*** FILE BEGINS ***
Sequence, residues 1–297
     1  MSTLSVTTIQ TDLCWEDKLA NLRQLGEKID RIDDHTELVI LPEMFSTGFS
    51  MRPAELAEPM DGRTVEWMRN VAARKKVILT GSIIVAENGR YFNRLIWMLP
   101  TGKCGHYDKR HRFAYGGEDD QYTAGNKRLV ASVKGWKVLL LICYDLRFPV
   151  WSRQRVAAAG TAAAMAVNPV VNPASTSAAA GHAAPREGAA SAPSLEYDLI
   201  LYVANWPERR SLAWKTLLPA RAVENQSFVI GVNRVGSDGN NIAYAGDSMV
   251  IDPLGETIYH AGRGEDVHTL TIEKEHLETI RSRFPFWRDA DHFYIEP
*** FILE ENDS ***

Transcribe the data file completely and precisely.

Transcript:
Sequence, residues 1–297
     1  MSTLSVTTIQ TDLCWEDKLA NLRQLGEKID RIDDHTELVI LPEMFSTGFS
    51  MRPAELAEPM DGRTVEWMRN VAARKKVILT GSIIVAENGR YFNRLIWMLP
   101  TGKCGHYDKR HRFAYGGEDD QYTAGNKRLV ASVKGWKVLL LICYDLRFPV
   151  WSRQRVAAAG TAAAMAVNPV VNPASTSAAA GHAAPREGAA SAPSLEYDLI
   201  LYVANWPERR SLAWKTLLPA RAVENQSFVI GVNRVGSDGN NIAYAGDSMV
   251  IDPLGETIYH AGRGEDVHTL TIEKEHLETI RSRFPFWRDA DHFYIEP